Sure enough, this morning, when I woke up and looked out the front door, an inch or so of snow had already fallen and large, heavy snowflakes were pelting down like raindrops and accumulating rapidly.  Sirens sounded in the distance because — of course — the latest winter storm just had to hit Columbus on the front edge of rush hour, when it could cause maximum disruption and havoc and misery for the unfortunate souls commuting to work.

Maybe there really is something to this “bearing down” stuff.  Maybe a Midwestern winter really is a living thing that just wants to hang on, like the unwelcome guest that wouldn’t leave, and make us cold and wet and drippy and put us in an ugly funk for as long as it can.

When another winter storm hits on February 20, you can’t help but think grim, gray thoughts.  You wonder when it will finally end, and we’ll finally — or ever — get to see the blossoms and green shoots of spring.

In The Rhinorrhea Zone

This winter I’ve been experiencing rhinorrhea pretty much on a daily basis.  In fact, I’m hit by a bout of rhinorrhea whenever I go outside for a walk on a cold day.

img_8058No surprise there — rhinorrhea is the high-falutin’ medical term for a runny nose, from the Greek word for nose.  (That’s why plastic surgery on the nose is called rhinoplasty, incidentally, and it’s got nothing to do with comparing the size of the schnoz being operated on to the horn of rhinoceros.)   My daily dose of rhinorrhea therefore isn’t a cause for alarm, it’s just an annoyance.

I begin my walk in the bracing cold, take some deep breaths of the crisp, clear air, and about halfway into my stroll my nose has turned into a roaring mucus machine and I’m leaking fluid like a sieve, leaving me to either sniffle it back down or remove the glove for a quick wipe-off with a tissue.  But it’s just a temporary fix, because inevitably the sputum production ramps up again for however long I’m outside, making the Kleenex box my first stop after I get home.

Why do our noses run during the winter, even if we don’t have a cold?  The medical websites will tell you that it’s just our noses working overtime at doing their jobs of warming and humidifying the cold, dry air we’re breathing.  The nasal membranes produce more mucus and fluid in the winter to protect our delicate lung tissues from the frigid air onslaught.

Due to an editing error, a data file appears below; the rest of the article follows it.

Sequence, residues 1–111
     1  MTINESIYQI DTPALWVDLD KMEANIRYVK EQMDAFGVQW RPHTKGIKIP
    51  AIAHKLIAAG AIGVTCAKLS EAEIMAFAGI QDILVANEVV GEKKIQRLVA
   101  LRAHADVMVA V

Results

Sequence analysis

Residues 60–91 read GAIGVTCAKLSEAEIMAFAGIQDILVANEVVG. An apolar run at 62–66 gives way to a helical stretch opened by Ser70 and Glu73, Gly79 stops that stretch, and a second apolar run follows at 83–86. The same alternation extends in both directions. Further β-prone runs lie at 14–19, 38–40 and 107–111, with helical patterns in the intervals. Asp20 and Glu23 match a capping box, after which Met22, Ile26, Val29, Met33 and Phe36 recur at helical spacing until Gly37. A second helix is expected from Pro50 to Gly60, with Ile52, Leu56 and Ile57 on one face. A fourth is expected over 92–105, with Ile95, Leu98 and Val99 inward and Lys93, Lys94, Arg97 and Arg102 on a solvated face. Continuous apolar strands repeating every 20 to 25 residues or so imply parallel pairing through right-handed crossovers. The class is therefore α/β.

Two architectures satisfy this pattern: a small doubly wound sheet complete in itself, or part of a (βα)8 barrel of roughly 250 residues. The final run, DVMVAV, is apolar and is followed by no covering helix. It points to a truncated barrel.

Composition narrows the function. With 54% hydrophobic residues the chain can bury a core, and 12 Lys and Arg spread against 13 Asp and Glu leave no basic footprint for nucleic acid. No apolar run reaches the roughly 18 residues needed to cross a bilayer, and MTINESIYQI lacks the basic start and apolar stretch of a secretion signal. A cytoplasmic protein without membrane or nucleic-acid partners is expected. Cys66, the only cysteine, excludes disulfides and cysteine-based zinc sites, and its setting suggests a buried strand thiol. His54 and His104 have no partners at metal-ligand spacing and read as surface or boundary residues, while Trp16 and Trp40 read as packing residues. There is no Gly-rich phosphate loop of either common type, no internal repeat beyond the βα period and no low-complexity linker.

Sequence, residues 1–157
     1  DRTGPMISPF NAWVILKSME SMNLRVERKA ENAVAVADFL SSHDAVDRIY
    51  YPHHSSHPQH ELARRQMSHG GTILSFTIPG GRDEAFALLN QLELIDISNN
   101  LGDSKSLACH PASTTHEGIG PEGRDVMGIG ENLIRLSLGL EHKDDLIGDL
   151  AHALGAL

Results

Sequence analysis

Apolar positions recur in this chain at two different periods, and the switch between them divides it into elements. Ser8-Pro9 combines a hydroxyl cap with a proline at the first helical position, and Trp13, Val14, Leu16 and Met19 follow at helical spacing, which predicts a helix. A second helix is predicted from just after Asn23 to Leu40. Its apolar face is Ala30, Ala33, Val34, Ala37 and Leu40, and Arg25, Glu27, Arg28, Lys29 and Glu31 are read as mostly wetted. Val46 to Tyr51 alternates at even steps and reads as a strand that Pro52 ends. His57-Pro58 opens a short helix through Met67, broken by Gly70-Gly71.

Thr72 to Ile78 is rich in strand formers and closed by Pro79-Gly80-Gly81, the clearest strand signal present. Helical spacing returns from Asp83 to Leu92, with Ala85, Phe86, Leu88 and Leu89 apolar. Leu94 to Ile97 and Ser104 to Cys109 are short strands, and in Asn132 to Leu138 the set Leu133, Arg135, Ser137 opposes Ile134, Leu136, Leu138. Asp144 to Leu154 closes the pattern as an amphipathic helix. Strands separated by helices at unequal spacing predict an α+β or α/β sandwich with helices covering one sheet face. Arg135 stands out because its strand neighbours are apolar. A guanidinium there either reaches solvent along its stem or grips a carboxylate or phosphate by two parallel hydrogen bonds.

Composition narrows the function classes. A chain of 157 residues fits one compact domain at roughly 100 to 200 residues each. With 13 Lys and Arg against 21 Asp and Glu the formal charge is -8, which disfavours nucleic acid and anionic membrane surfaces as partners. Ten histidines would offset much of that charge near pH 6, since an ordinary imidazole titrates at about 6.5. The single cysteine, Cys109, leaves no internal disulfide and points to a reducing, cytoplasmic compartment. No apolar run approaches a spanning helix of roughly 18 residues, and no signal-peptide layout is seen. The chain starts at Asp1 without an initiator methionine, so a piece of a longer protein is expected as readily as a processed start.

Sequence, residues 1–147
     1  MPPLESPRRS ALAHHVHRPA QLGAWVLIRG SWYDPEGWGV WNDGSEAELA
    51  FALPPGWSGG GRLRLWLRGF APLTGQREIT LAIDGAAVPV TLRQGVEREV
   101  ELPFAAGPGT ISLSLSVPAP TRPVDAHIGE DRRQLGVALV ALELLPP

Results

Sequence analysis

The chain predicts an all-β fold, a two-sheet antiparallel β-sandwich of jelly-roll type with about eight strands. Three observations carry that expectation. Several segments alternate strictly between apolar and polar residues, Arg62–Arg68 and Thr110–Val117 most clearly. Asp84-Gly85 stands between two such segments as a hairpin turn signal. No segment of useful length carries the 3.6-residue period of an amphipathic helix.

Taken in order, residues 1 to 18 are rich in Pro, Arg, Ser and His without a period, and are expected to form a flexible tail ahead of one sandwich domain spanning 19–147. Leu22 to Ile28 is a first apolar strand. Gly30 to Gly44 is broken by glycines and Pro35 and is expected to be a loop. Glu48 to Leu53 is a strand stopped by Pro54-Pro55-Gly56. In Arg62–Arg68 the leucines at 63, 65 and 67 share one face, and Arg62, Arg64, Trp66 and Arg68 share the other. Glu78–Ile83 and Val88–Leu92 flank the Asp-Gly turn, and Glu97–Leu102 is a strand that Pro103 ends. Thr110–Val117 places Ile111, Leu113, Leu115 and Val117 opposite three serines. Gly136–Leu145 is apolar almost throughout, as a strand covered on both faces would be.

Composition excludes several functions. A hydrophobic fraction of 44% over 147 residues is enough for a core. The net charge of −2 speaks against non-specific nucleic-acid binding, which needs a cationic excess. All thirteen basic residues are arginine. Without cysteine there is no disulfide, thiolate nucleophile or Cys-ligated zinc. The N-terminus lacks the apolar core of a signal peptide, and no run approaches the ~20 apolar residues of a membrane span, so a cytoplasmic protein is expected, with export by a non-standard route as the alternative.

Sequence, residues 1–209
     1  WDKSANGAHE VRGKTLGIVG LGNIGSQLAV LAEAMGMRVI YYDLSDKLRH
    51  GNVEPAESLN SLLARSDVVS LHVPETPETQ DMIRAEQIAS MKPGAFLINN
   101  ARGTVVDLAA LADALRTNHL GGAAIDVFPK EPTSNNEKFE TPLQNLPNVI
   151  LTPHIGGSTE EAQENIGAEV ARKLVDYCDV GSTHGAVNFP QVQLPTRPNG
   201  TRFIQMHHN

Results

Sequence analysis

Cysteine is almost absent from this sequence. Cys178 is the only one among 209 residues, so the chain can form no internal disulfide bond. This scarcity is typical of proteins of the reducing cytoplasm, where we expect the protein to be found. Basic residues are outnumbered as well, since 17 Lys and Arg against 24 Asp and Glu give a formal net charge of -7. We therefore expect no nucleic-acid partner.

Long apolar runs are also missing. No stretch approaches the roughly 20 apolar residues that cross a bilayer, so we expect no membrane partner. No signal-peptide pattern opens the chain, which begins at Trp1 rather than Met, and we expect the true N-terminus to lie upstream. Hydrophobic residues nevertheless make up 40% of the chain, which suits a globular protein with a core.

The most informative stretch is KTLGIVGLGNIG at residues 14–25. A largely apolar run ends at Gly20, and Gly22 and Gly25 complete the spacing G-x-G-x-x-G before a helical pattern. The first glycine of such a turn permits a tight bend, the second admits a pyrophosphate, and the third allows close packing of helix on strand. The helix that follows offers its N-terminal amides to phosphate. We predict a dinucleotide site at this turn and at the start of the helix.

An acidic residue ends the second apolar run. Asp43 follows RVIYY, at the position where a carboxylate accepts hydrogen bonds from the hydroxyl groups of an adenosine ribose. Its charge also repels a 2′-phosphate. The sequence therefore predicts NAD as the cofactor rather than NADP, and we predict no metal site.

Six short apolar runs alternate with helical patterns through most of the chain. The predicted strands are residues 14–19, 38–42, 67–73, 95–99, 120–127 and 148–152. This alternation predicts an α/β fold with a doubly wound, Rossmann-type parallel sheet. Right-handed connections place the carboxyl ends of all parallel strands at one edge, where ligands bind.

So congratulations!  That irksome runny nose means you’re perfectly fine and your body and its defense mechanisms are working as millennia of evolution intended.  Just be sure to keep an endless supply of nasal tissue on hand for the winter, because you’re going to need it.

Deploying The Mad Bomber

The weather app on my iPhone cautions that it’s 2 degrees Fahrenheit outside, on its way down to a low temperature below zero.  There’s a brisk 14 miles per hour wind blowing steadily from the west that, combined with the temperature, has created a wind chill factor of minus 16 degrees.  And the National Weather Service has issued a warning that the extreme cold and wind could produce wind chills as low as 40 below zero, which could cause exposed skin to experience frostbite in as little as 10 minutes.

That kind of scary cold is an assault on all that’s holy and everything warm and pleasant in the world.  But nevertheless, in a few minutes, I’ve got to take an exuberant, cold-loving dog out to do her business.  What to do?

Alert the armed forces!  It’s time to deploy the Mad Bomber!

The Mad Bomber is easily the warmest hat in the house.  In fact, it’s easily the warmest hat in any house.  Made in China, it features a nylon shell, natural rabbit fur trim and interior lining. It even has a little clasp that allows you to lock the hat around your chin, the better to protect those delicate, flabby neck wattles by swathing them securely in fur.  When you don the hat, your encased head immediately begins sweating.

Of course, it’s not a stylish piece of headwear, as a bit of doggerel I composed some years ago acknowledges.  The Mad Bomber belongs on the head of a rustic villager trudging across the windswept Siberian tundra, or perhaps your high school janitor out salting the teacher’s parking lot on the coldest day of the year.  But then, no one turns to the Mad Bomber for style.  It’s deployment is purely a defense mechanism, designed to give humans a chance at surviving the most brutal temperatures and crippling cold.

Brace yourselves, Columbusites — it’s Mad Bomber time!